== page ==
I waited. And I waited. And I waited. It was probably five minutes, but it felt like an eternity. At that point, my husband entered the bedroom and sat beside me.
“Your results are good!” she said.
Or something like that. I really don’t know, because my mind was spinning. The rest went something like this, “You had a ruptured milk duct and that calcified. Do you remember having some clogging?”
“I think so, but it was like at the beginning of my maternity leave – when my milk was just coming in,” I said.
“It was probably at least six months ago?” she asked.
“Or more like 10 or 11 months ago,” I said. “I really haven’t had any problems since the beginning.”
“Okay, well it’s all clear and there’s nothing to worry about,” she said.
My husband and I looked at each other in relief, and he left the room. I laid down on my bed and sobbed.
Anxiety is a real trick. I was scared out of my mind, but I wouldn’t let myself feel scared for long. And to find out it was just a clogged milk duct? It’s like going in for a colonoscopy only to realize you have hemorrhoids, which happened to someone close to me. It’s a great scenario and a letdown at the same time.
Body after biopsy
So what they don’t tell you is that your boob is pretty beat up after a biopsy. It’s not a deterrent for getting one done, but at the same time, it took a little chunk out of my breast, and I’m pretty sure there’s going to be a scar. On top of that, the tape used on my breast after the biopsy somehow rubbed on my bra during the 48 hours I was supposed to wear it, and it left four small blisters on my breast and tore off skin. I am two weeks removed from my biopsy and also have some scabbing and potential scarring.
Let me make clear though – I’m not complaining. It’s just something someone should know if they’ve never experienced it. It’s more than a little needle going into your body and pulling out a microscopic piece of tissue, which is what I had told myself before the procedure.
For a couple of days, I continued to have blood in my breastmilk. The doctor said the pink-tinted milk was safe for my baby to drink, but I accidentally stumbled on a fix to get rid of the blood through refrigeration. After pumping and placing the milk in the refrigerator, I realized that the blood separated from the milk when it got cold. Instead of pink blood, the milk turned back to its vanilla color with red dots — talk about weird science! So, I went ahead and filtered it through a coffee filter and gave it to my son.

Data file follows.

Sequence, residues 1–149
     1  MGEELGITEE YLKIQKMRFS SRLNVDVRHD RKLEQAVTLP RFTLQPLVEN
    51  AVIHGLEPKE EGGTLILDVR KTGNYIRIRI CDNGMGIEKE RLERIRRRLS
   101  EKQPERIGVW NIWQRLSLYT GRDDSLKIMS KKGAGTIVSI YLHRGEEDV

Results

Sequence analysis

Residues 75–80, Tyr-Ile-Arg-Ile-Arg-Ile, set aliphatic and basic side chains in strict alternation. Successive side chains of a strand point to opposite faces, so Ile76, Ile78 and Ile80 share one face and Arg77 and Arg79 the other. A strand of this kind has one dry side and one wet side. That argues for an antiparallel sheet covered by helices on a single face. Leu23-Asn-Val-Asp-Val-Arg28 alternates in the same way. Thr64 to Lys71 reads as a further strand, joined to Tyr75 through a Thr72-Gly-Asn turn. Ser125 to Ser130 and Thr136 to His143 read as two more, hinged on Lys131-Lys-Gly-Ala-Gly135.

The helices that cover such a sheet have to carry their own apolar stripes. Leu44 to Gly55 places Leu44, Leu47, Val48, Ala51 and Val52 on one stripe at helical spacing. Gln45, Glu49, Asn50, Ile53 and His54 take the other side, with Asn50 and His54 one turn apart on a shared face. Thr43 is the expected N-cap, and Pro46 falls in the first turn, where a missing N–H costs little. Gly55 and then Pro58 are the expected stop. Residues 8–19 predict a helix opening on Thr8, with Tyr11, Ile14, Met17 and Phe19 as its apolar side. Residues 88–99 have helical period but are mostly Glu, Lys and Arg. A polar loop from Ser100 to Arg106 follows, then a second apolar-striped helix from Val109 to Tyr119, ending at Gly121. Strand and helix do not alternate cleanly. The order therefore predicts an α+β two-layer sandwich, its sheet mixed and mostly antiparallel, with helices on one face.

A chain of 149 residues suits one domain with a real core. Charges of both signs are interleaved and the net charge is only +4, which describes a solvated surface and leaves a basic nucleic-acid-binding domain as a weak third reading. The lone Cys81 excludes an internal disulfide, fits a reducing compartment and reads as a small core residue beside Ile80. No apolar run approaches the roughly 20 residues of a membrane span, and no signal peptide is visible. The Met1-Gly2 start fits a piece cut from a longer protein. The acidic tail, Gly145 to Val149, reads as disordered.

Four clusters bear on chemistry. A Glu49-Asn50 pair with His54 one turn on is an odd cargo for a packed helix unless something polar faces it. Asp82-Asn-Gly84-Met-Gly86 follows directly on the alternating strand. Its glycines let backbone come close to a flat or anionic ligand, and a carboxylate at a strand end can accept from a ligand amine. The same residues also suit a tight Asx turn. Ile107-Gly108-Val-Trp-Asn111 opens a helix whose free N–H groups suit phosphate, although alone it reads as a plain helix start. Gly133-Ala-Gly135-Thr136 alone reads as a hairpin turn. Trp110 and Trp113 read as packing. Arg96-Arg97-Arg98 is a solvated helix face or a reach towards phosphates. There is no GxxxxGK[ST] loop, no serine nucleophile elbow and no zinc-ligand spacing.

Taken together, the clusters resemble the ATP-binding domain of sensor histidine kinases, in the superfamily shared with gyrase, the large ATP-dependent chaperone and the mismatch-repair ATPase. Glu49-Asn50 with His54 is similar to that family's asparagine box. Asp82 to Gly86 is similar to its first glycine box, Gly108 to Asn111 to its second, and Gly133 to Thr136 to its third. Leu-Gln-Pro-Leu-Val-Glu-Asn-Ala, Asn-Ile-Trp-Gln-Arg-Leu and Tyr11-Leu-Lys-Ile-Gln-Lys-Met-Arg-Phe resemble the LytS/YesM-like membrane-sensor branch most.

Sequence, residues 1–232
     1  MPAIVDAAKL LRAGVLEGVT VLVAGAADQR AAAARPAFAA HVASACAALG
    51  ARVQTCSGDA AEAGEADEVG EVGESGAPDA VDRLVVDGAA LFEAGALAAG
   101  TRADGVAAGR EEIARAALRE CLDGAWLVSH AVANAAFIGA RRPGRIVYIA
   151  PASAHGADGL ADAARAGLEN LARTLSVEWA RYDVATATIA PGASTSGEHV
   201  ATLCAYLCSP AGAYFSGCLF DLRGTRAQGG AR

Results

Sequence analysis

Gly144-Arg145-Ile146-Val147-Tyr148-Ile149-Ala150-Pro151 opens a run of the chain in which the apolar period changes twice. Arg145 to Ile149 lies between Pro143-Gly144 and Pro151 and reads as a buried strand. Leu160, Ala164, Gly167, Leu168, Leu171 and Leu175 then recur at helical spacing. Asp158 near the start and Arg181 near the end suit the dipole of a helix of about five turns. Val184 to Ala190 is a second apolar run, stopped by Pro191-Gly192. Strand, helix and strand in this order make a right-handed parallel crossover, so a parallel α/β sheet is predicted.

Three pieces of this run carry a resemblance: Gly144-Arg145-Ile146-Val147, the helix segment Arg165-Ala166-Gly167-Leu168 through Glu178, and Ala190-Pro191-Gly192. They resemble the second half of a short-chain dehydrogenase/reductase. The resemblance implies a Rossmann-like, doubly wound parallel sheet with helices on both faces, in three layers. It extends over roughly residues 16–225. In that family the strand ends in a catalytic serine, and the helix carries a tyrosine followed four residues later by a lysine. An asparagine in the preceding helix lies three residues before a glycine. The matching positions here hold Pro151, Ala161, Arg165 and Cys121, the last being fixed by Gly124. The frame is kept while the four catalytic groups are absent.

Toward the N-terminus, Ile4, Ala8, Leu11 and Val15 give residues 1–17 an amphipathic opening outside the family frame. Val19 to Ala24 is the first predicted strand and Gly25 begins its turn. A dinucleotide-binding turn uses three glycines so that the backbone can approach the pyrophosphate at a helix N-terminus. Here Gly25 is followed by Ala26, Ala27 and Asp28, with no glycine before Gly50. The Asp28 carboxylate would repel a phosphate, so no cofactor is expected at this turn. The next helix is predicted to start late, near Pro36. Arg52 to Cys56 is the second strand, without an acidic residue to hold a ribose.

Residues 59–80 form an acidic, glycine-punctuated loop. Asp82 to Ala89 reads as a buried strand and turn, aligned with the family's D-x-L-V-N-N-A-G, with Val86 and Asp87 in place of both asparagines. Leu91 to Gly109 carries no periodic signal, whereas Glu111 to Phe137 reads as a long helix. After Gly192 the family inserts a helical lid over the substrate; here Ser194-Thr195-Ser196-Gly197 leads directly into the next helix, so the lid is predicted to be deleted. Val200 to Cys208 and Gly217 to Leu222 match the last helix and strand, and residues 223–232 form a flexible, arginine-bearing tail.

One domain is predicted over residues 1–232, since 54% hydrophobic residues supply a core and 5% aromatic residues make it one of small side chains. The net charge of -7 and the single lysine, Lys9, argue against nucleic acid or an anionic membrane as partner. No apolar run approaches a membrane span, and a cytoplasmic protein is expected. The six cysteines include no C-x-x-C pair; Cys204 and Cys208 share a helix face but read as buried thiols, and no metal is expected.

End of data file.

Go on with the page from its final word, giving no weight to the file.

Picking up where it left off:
Breastfeeding and mammograms
Breastfeeding can create extra density in the breast tissue and makes it a little more challenging to look through, according to Laura Roberts of the Swedish Breast Imaging Center. It can also be quite common to have calcifications in the breast, and most are benign, she says. Some calcifications get ignored, some are followed, and others are biopsied.
I never had to stop breastfeeding throughout the process, but I did have to pump before the biopsy and the mammogram. It just makes sense to be empty while your breast is being examined. There was no interruption in my life or my baby’s life during the whole process.
I’m not a medical professional, and I would never tell someone what to do when it comes to their own health. I think everyone needs to talk to their physician to figure out what works for them. However, I’ve told all of my friends to get a 3D mammogram as soon as insurance covers it, even though insurance levels vary. And when I shared my story for the first time, many women messaged me and said they were angry they didn’t get the 3D mammogram, because a 2D missed cancer. Another woman told me she wished that 3D technology was available when she received a cancer diagnosis. In all the cases, they all wished a 3D had been available, because they believe it would’ve been detected earlier.
I really appreciate my experience in this whole process. The mammographers work so hard to make sure you are as comfortable as possible. I always felt like I had the support I needed, and the gentleness one would like to receive if they’re scared. I was definitely anxious.
I am so grateful that I won’t need another mammogram for another year, but I know that’s not the case for a lot of women. I am with them in spirit. It is certainly comforting to know there are a lot of people who are intelligent, kind and gentle about this very personal issue.